And whilst they didn’t become all-conquering overnight, Ewing recalls how he slowly realised that his side were more than just making up the numbers in the league.
 
“Given the start that we had, I thought we’d be going into the league struggling at the bottom to be perfectly honest,” he said. “The aim was to try and not be last in the league. Then all of a sudden we found we were winning games. Confidence was growing, guys were working hard and it was the turn of the year and all of a sudden we were in the mix in the league. I didn’t think we would win it but I thought we were actually going to end up in the right half of the table at the end.”  
McFarlane also discussed the moment he realised the boys could achieve something special.
 
“Our home game with Stirling Albion was the game where I thought we might be in with a real chance of doing something,” he said. “They were top of the league at the time. The very first game of the season we played them and they beat us 4-3. At the time I thought there wasn’t actually very much between us, and when we played our home game against them about two-thirds of the way through the season and we beat them 2-1 I thought we might have a chance.
 
“The players all knew too. They knew that beating the team who – at that time – were comfortably top of the league laid down a marker that we could compete with these guys.”
 
And so it proved. Momentum and results were going in their favour, and before long Milngavie were in poll position in the league and on the verge of the unlikeliest of title wins.
 
“It became quite a job to keep [the players’] feet on the ground and to concentrate on the fact that we were here just to play our football and that anything else that happens was a bonus,” remembers McFarlane.
 
Perhaps no game epitomises Milngavie’s season than the match the league title was finally confirmed.
 
Trailing North Kelvin Utd 2-0 at half time, there was a danger the wheels could come off the Milngavie fairy-tale: “I think at half time they were starting to think that maybe this wasn’t for us at all,” recalls McFarlane. “Maybe we’re not going to win the league.”
 
But, as befitting a team that had overcome the odds time and time again across the season, they turned it around in the second half to win the game 4-2 and accomplish something that had seemed impossible when they were struggling to field a team only a few months earlier.
 
“When the final whistle went against North Kelvin, the players went mad. Really mad,” said McFarlane.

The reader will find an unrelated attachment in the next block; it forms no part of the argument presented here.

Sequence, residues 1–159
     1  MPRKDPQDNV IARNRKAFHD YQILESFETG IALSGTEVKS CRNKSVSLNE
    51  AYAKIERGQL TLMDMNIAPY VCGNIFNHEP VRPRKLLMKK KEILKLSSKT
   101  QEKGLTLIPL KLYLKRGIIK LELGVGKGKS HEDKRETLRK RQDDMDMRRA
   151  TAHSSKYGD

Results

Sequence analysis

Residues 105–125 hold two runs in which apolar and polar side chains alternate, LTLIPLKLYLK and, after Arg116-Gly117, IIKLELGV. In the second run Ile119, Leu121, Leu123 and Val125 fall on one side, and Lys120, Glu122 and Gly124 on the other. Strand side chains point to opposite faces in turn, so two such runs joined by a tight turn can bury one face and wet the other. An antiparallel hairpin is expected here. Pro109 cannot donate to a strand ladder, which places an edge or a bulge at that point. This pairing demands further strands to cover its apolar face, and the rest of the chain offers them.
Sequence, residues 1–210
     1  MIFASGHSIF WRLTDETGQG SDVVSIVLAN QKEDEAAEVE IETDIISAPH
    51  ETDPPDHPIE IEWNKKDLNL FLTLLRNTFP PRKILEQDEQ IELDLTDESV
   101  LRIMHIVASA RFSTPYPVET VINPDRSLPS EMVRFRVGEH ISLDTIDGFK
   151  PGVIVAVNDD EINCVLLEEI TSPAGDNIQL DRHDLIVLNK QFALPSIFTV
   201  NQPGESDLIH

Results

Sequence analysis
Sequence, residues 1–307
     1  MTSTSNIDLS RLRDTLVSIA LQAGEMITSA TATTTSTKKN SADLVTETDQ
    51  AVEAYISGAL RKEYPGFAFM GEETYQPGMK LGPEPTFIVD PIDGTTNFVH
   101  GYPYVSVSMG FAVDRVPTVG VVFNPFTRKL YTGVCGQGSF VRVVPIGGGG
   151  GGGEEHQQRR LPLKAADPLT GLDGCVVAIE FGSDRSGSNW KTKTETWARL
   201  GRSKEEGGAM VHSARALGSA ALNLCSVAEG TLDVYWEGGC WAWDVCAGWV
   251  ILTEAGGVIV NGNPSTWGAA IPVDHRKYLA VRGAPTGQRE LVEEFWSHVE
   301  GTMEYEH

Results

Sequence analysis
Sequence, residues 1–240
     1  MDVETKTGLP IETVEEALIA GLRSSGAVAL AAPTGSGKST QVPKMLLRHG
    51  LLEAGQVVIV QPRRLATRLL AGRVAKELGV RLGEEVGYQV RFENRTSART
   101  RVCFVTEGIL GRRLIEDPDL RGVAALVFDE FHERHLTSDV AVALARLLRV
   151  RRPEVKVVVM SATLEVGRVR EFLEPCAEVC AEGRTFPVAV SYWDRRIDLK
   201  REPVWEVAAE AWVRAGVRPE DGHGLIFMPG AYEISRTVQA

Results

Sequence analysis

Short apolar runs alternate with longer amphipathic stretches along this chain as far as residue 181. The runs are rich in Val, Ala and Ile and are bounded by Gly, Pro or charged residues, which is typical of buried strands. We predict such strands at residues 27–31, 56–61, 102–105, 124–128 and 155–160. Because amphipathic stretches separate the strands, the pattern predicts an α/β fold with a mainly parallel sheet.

But already, attentions are focussed on the future.
 
Promotion means that next season will be a different test altogether, and now that they’re no longer an unknown quantity, what can Milngavie hope to achieve as they make the step up to Division B? Both coaches are keeping their feet firmly on the ground.
 
Wednesday, 06 June 2018 10:51

GoFitba going strong in Falkirk

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Get fit. Get healthy. Have fun.
 
That’s the objective of GoFitba, a new project from the Scottish Football Partnership Trust that’s offering primary school children the chance to improve their football skills and learn the importance of a healthy diet.
 
Across the twelve-week programme, kids are invited along to participating community football clubs, where they spend an hour working on their skills on the pitch, followed by an hour of classes where they’re taught about nutrition and are even treated to a healthy meal as a reward for their efforts.
 
 
And at the Falkirk Foundation, which has just completed session nine, the project has proven popular with both kids and adults.
 
David Mackay, Head of Community Football at the Falkirk Foundation, discussed why the club got involved in GoFitba:
 
“This programme has been fantastic because it’s given us the opportunity to feed the kids some fruit and healthy meals.
 
“The tie in with the football is great. Most of the kids here are local and supporters of the football club so it’s easy to get them in here, and then we can go through the content of the workbook.
 
“Hopefully, we can hit them with the lifestyle messages that will take them on as they get older, especially at such a young age.”
 
The programme in Falkirk is open to pupils from a number of local schools, including Victoria Primary and Comely Park Primary.
 
This week, as an added bonus, they were treated to a tour of the home changing room before taking to the pitch at the Falkirk Stadium to grace the same surface as many of their heroes.